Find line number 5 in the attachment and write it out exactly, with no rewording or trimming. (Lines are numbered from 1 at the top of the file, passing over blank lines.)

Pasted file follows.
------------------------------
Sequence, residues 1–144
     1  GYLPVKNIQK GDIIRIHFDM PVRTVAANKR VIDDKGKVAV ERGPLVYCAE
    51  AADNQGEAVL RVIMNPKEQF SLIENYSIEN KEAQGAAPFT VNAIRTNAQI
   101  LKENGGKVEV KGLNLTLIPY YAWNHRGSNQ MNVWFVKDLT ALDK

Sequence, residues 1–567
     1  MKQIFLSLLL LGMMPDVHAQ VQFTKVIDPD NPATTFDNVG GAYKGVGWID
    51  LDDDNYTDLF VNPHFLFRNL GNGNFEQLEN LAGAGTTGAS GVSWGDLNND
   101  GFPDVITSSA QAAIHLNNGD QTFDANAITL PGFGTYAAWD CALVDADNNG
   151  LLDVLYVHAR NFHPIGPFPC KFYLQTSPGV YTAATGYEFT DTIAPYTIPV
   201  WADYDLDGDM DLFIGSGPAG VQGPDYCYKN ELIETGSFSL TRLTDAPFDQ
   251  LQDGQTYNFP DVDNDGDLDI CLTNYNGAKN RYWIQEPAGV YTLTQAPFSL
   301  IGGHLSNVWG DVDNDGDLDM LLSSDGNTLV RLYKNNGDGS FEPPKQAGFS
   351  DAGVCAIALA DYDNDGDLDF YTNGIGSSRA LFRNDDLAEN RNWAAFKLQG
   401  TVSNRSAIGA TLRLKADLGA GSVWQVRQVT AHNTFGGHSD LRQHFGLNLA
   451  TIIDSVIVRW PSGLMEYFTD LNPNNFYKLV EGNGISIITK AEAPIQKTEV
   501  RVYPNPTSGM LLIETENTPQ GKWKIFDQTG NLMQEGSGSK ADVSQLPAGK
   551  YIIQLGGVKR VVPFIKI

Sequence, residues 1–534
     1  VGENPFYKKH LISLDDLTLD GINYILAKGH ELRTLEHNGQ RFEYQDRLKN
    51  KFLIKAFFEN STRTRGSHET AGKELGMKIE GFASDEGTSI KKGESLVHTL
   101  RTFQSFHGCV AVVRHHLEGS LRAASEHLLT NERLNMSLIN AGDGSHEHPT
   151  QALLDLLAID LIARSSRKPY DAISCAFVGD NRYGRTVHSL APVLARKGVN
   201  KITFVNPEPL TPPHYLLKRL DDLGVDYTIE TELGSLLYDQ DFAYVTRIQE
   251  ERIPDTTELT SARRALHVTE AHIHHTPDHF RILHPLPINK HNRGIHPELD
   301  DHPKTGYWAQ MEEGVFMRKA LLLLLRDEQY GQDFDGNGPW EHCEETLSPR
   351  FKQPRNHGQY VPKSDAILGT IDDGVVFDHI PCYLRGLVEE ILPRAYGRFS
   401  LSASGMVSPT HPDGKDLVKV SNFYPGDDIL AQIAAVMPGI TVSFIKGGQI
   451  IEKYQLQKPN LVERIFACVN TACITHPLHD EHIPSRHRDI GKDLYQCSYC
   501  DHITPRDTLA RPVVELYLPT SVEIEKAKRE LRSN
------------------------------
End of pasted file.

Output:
Sequence, residues 1–567